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Social Media Lesson for Employers: Recent $1.5 Million Retaliatory Discharge VerdictAuthored by: Jeremy Stephenson
May 15, 2017

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On May 11, 2017, a federal jury in Charlotte, North Carolina awarded a former fire department employee, Crystal Eschert, a $1.5 million verdict in a retaliatory discharge lawsuit that teaches powerful lessons in today’s social media world.

Crystal Eschert was a fire inspector with the Charlotte Fire Department. She had made several complaints to supervisors about the lack of safe construction in a new fire building, going so far as inviting a City Council member to tour the facility with her; City Council has direct jurisdiction over the Fire Department.  This was going well outside the normal chain of command.

These events occurred around the same time as the shooting of Michael Brown in Ferguson, Missouri.  Ten days later, Ms. Eschert made a “private” posting on Facebook viewable only by her “friends”:

"White guy shot by police yesterday near Ferguson . Where is Obama? Where is Holder? Where is Al Sharpton? Where are Trayvon Martin's parents? Where are all the white guys supporters? So is everyone MAKING it a racial issue? So tired it's a racial thing. If you are a thug and worthless to society, it's not race - You're just a waste no matter what religion, race or sex you are."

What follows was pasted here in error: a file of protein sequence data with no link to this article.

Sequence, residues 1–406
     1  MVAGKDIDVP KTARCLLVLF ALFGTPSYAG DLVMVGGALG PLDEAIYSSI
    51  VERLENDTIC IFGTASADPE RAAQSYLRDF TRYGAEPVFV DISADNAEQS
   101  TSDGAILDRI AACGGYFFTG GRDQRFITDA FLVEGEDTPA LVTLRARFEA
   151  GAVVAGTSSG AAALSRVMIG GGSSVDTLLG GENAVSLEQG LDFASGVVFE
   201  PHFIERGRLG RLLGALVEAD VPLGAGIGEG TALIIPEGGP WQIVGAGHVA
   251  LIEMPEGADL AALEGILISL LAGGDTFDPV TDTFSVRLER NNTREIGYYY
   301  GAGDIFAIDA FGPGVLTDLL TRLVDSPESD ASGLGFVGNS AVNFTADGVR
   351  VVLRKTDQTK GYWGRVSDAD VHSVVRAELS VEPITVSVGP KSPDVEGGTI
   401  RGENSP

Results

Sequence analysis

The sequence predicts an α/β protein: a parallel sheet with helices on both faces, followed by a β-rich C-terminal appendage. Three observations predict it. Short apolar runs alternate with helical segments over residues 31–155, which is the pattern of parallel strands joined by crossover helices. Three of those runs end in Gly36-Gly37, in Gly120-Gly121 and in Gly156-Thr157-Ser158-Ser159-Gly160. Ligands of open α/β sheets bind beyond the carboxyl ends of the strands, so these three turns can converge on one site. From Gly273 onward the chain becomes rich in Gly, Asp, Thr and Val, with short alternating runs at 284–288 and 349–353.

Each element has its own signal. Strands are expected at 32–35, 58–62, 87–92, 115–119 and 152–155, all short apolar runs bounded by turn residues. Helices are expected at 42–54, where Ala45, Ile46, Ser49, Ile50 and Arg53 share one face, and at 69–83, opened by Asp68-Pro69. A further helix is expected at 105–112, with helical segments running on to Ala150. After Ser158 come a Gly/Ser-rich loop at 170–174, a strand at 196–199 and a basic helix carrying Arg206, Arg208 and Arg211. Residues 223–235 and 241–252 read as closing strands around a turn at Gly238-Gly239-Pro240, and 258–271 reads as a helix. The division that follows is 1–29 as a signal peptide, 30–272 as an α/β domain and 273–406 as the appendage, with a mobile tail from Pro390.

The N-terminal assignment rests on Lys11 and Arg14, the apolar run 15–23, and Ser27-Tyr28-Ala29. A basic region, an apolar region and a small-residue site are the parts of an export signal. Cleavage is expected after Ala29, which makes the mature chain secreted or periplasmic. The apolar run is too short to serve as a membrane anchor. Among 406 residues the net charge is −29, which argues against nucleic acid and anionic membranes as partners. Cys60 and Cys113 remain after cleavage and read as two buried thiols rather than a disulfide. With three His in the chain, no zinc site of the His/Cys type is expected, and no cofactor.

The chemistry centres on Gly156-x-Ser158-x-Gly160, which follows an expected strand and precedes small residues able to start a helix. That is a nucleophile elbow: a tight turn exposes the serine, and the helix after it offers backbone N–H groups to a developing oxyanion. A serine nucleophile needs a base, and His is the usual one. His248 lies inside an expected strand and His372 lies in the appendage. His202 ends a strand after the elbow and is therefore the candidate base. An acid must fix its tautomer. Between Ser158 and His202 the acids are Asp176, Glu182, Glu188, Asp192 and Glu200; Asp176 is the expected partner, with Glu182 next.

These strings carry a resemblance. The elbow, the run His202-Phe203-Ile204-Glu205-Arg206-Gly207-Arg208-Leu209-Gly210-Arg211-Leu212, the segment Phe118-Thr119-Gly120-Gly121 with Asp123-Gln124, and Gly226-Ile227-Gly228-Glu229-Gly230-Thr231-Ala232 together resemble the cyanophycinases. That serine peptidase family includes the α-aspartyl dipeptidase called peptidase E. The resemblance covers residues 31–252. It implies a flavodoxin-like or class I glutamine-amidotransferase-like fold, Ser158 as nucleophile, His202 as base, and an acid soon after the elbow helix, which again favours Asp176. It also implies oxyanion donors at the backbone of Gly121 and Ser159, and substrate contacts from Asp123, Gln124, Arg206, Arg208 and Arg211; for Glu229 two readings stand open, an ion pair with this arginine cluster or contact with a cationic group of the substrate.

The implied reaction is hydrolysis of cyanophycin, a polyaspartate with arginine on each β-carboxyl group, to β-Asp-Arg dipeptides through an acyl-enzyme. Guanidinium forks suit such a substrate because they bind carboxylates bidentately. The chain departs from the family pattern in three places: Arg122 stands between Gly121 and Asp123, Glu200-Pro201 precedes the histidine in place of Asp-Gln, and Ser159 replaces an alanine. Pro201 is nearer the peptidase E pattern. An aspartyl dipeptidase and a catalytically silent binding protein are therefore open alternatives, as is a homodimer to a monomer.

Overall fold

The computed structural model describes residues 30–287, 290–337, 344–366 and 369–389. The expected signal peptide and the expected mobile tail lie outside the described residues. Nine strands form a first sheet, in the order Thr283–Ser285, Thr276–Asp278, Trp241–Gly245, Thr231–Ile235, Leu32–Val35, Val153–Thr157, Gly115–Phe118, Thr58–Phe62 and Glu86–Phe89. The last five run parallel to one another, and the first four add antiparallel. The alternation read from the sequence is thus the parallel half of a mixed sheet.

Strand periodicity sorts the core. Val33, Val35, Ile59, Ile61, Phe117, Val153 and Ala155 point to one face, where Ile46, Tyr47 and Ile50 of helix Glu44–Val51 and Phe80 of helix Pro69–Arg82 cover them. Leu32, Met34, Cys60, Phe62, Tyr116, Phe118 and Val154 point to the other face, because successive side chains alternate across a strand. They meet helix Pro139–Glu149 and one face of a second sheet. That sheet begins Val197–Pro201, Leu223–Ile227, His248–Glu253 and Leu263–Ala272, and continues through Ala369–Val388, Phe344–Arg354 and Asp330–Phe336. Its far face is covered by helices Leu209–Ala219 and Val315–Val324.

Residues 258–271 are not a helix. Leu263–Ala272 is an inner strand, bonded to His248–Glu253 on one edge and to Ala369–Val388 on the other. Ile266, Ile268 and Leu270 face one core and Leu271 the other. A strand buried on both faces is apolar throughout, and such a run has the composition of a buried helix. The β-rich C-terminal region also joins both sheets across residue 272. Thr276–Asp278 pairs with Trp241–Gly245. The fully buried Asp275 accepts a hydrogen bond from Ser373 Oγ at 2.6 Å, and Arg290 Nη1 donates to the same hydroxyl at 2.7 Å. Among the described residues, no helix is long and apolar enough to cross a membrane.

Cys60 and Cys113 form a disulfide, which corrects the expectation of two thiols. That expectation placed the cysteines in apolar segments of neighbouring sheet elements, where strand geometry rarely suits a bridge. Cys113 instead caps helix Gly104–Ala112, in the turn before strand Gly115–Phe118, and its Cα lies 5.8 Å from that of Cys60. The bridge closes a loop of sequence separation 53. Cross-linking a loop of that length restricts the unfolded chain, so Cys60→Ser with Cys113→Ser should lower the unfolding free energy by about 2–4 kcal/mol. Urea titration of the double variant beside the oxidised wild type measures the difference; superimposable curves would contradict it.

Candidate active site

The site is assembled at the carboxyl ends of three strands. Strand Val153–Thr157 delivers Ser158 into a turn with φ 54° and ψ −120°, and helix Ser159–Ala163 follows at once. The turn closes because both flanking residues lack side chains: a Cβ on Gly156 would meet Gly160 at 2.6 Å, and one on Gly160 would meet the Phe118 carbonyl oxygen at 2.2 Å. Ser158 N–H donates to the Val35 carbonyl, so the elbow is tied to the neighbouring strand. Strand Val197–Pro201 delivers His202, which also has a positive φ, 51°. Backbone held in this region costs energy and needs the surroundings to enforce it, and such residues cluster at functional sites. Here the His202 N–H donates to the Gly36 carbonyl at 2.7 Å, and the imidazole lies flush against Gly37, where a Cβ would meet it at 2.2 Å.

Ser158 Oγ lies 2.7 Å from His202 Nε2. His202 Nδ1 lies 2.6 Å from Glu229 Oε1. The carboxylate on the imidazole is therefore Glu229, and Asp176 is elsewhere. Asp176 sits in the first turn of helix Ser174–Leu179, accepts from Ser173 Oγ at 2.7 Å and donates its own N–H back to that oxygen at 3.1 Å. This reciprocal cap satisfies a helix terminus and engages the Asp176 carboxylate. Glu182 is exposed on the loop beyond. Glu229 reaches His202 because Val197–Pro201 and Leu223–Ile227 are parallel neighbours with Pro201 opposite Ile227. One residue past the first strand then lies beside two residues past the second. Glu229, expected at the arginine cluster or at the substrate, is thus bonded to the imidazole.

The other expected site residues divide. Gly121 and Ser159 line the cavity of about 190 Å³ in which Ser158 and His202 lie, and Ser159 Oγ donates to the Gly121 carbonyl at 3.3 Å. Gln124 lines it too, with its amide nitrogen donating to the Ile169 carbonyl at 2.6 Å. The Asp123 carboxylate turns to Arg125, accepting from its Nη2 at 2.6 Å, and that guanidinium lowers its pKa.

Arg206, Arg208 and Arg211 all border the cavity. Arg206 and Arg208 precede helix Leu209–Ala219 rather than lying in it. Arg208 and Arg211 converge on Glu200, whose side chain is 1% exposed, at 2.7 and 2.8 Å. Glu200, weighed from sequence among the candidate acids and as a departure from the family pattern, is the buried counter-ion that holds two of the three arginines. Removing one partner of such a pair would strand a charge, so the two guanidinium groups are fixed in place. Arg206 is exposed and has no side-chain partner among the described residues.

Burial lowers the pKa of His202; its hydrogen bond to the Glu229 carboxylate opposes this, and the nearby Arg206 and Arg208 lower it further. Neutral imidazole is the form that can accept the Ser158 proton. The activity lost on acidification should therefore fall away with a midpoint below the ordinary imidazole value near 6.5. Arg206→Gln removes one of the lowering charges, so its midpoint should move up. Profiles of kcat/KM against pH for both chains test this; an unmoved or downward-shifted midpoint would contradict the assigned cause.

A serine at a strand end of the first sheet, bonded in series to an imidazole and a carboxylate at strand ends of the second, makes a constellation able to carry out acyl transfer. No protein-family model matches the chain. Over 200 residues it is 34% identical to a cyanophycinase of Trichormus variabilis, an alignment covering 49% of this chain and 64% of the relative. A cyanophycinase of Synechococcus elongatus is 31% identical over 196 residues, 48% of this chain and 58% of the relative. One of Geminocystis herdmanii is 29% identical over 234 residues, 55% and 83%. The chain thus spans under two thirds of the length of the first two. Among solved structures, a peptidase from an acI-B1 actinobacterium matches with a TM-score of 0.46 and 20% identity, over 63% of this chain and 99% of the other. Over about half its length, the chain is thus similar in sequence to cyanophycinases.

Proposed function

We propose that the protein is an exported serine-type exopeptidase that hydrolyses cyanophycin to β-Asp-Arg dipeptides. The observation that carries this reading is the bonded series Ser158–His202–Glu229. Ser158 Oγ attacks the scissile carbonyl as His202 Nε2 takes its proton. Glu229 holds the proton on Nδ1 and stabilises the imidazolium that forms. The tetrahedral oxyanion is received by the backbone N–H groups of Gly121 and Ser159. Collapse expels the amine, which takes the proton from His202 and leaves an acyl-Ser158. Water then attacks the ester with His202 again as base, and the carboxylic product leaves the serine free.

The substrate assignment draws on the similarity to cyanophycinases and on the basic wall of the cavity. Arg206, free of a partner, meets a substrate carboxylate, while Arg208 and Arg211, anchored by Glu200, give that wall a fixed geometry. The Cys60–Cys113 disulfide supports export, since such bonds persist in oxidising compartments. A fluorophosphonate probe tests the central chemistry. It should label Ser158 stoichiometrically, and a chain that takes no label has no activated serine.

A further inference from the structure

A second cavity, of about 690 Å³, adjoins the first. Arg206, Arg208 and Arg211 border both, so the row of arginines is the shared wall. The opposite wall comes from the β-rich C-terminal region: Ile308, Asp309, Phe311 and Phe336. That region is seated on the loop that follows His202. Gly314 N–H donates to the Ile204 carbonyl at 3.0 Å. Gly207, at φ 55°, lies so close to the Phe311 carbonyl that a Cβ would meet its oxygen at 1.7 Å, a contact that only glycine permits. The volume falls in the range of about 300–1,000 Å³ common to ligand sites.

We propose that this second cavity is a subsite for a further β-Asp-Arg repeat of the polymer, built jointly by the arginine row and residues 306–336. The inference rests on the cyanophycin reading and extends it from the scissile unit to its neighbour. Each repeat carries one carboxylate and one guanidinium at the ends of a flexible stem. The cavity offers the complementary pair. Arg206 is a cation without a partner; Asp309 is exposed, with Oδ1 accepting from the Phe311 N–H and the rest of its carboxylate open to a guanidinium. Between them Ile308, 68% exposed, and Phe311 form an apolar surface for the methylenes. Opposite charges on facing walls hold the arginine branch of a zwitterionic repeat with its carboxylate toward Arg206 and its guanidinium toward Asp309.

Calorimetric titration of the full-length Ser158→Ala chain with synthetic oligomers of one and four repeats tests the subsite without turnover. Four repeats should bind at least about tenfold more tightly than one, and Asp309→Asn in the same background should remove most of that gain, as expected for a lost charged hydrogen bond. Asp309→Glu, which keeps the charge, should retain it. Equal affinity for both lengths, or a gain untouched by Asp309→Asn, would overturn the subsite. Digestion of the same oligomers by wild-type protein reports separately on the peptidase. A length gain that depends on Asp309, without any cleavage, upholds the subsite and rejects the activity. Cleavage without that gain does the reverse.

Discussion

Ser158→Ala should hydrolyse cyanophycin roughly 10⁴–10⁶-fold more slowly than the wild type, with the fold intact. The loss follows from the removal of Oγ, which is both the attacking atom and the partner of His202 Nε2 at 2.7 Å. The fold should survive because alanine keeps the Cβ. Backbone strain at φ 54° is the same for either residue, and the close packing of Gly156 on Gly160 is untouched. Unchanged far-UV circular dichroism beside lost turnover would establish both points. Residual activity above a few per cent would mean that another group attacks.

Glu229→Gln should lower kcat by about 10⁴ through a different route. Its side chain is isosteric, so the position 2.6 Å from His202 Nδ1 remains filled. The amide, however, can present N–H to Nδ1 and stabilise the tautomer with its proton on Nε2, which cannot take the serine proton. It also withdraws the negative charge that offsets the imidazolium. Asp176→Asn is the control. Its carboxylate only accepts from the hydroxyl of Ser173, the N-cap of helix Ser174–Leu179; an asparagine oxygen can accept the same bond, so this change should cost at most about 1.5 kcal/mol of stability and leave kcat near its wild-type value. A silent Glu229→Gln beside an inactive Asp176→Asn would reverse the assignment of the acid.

Someone forwarded her Facebook post to her supervisors who terminated her employment, despite consistently positive performance reviews, saying it was because of the Facebook post and not because of her recent complaints about lack of safety.  The jury disagreed and awarded $1.5 million.  At trial, Plaintiff’s counsel presented several other instances of individuals making highly offensive statements also on Facebook, who were not fired, but only received warnings. 

Lessons Learned

Increasingly managers want to be “Facebook friends” with their subordinates and coworkers, and vice versa.  This should generally be avoided, as employees may express information in such forums that the company might not otherwise know.  For example, a company could gain actual knowledge of an employee’s debilitating health condition and be required to enter into a reasonable accommodation dialog. 

Similarly, employers should be cautious taking disciplinary action against employees based solely upon employees’ social media posts.  Posts about working conditions could be protected under the National Labor Relations Act.  Issues of consistency of enforcement, or discriminatory disparate enforcement, may quickly arise and be difficult to manage across a large workforce, as in the present case.  Employers should never ask employees for social media logins nor insist they be “friends,” and this may be illegal in some jurisdictions.  While some social media postings by employees may clearly cross the line, employers and managers should be very cautious in taking employment actions.